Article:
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Re: C++ / multiple instances / iostreams

From: Hans Aberg
Subject: Re: C++ / multiple instances / iostreams
Date: Wed, 21 Jul 2004 20:05:44 +0200

At 00:01 +0200 2004/07/21, Laurence Finston wrote:
>> 4) The acronym POD stands for "plain old data."
>Thanks again.  You certainly know your standard.

Nope, just some parts of it. This is one thing one eventually encounters.

>> The idea of C++ is to take those running time expenses in favor of
>> programming convenience.

>I don't agree that this is the idea of C++.  I believe C++ is designed to
>support a variety of different programming styles.

I believe that the design criterion that BS expressed was that C++ should
admit efficient implementations, but by no means as optimized as in C. Sed
the book DEC++ ("Design and Evolution of C++").

>  One of the important
>goals in the design of C++ was also not to lose the ability to program in a
>low-level style efficiently.

Right: C++ is a multiparadigm language. But the high level cannot be as
efficient as optimized low-level programming.

>  I don't quite understand what you mean by
>automatic cleanup, since C++ doesn't do garbage collection.  I assume you mean
>something having to do with destructors performing deallocation when a count
>reaches 0, or something similar.

Right: If one uses a C++ stack as semantic stack, when the Bison parser
unwinds it, the C++ code will invoke class destructors, which can be used
for cleanup then. Under C, one does not have that possibility: It must
somehow be made by hand.

The reference count is just a way to provide a primitive GC: Saving some
memory and recopying. If time and space are not programming concerns, one
does not need to use it. But I have found that it is very convenient in a
parser, as it typically builds some objects, which then are conveniently
fit together.

>> >I've understood him correctly) will probably work well for a lot of
>> >applications.  In my application it wouldn't, but I've found that
>> casting the
>> >objects to the appropriate types as needed isn't any trouble.
>> It will probably work in your case as well, if you were willing to take the
>> overhead it generates relative your method.
>I was wrong to say it wouldn't work.  I believe it would work, I just
>don't think it would be good design for my application.


>  For example, many of
>the types in 3DLDF are derived from the abstract base class `Shape', e.g.,
>`Point', `Path', `Circle', etc.  Others are not, e.g., `Transform', `Pen', and
>`Color'.  If it would make sense to define virtual functions that might be
>called on objects of any of these types in the parser actions, then I think it
>would make sense to define an abstract base class for all of them.  Since this
>is not the case, I don't see any advantage in doing so over using a `void*'.

Actually, I have a similar situation in my theorem prover: I have a class
object, which maintains a reference-counted pointer to a base class
All polymorphic objects are derived from object_root. For example:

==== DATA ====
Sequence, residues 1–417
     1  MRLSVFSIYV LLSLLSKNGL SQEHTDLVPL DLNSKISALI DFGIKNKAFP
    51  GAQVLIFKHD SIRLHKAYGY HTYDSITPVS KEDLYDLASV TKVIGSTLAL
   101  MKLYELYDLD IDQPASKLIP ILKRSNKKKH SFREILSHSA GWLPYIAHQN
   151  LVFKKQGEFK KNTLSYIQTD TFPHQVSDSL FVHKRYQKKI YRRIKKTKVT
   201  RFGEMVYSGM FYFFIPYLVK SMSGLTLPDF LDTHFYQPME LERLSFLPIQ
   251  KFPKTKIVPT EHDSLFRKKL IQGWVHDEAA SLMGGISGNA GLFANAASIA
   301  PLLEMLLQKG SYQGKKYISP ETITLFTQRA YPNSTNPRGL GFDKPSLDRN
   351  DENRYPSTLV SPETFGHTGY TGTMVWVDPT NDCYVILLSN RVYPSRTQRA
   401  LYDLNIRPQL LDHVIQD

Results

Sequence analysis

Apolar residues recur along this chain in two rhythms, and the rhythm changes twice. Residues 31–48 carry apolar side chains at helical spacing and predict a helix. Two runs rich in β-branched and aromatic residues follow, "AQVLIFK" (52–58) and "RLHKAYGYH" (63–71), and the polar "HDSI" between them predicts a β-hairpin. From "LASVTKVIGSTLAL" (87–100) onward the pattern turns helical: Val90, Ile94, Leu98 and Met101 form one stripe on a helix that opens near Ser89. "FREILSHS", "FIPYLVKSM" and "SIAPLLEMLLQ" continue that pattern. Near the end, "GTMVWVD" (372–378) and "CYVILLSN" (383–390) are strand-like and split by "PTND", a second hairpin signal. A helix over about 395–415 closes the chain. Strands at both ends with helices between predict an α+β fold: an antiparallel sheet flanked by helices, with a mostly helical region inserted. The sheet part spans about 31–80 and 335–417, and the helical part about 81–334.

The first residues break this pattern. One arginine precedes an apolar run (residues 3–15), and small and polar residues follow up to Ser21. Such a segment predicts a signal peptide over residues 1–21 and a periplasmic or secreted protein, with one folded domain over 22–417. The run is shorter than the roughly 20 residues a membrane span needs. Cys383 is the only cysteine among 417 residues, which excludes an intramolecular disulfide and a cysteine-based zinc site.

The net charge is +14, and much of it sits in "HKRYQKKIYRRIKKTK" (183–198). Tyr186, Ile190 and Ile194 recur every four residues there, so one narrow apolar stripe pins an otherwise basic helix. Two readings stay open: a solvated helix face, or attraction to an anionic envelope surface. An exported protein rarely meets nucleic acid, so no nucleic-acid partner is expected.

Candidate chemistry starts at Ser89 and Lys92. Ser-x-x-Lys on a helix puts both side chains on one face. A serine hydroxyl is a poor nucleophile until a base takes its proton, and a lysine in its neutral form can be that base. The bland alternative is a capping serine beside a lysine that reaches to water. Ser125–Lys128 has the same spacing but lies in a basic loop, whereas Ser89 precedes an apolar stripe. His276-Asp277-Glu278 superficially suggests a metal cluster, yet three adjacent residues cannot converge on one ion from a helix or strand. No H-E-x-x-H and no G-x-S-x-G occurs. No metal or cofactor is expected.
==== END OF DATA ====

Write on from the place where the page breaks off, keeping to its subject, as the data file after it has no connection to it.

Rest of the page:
class formula_root;
  class proposition_root;
  class variable_root;
But as it becomes difficult to keep track of the semantics while
programming, I have added a few more object classes:
  class proposition;
  class formula;
  class variable;
These need not having any derivation order, but are only there to simplify
my programming. It is easy to convert data of any of them to class object
data. Thus,
 class semantic_type {
   long number_;
   std::string text_;
   my::object object_;

   semantic_type() : number_(0) {}
 #define YYSTYPE semantic_type
will suffice as semantic type. One converts data using either
dynamic_cast<T*>, in which case null pointer must be checked, or
dynamic_cast<T&>, in which case null pointers case an exception to be

>Overhead is also a significant factor.  Currently, 3DLDF produces only
>MetaPost code, but ultimately I'd like it to perform its own scan converting
>and rendering and produce output in graphics formats such as PNG and MNG.
>Someday, I'd also like it to be able to produce graphics in real-time.  So I
>do have to try to program efficiently in way that's not necessary for a lot of
>applications in these days of fast processors and cheap memory.  I'm actually
>glad of the excuse to program in a somewhat low-level style.  Sadly, it's not
>what most employers seem to be looking for these days.

I can't tell you what is right for you here. :-)

Here is my reference-count setup:

class object_root;

class object;

class object_root {
  mutable unsigned count_;
  object_root() : count_(1) {}
  virtual ~object_root() {}

  object_root* copy() const { ++count_; return
const_cast<object_root*>(this); }
  void shed() { if (--count_ == 0)  delete this; }

  virtual object_root* clone() const = 0;

  virtual void write(std::ostream&, write_style) const = 0;

class object {
  object_root* data_;

  object_root* copy() const { return (data_ == 0)? 0 : data_->copy(); }
  void shed() { if (data_ != 0)  data_->shed(); }

  object() : data_(0) {}
  ~object() { shed(); }

  object(const object& x) : data_(x.copy()) {}
  object& operator=(const object& x) {
    if (data_ != x.data_) { shed(); data_ = x.copy(); }
    return *this;

  object(object_root* rp) : data_(rp) {}

  object_root* data() { return data_; }
  const object_root* data() const { return data_; }

  template<class T>
  struct cast {
    T item;
    cast(object& x) : item(dynamic_cast<T>( {}
    operator T() { return item; }

  void write(std::ostream& os, write_style ws) const {
    if (data_ == 0) { if (trace_null)  os << "ø"; }
    else data_->write(os, ws);

The object::cast struct is just an experimental attempt to autmoate
dynamic_casts It is probably simöler to do it by hand.

  Hans Aberg

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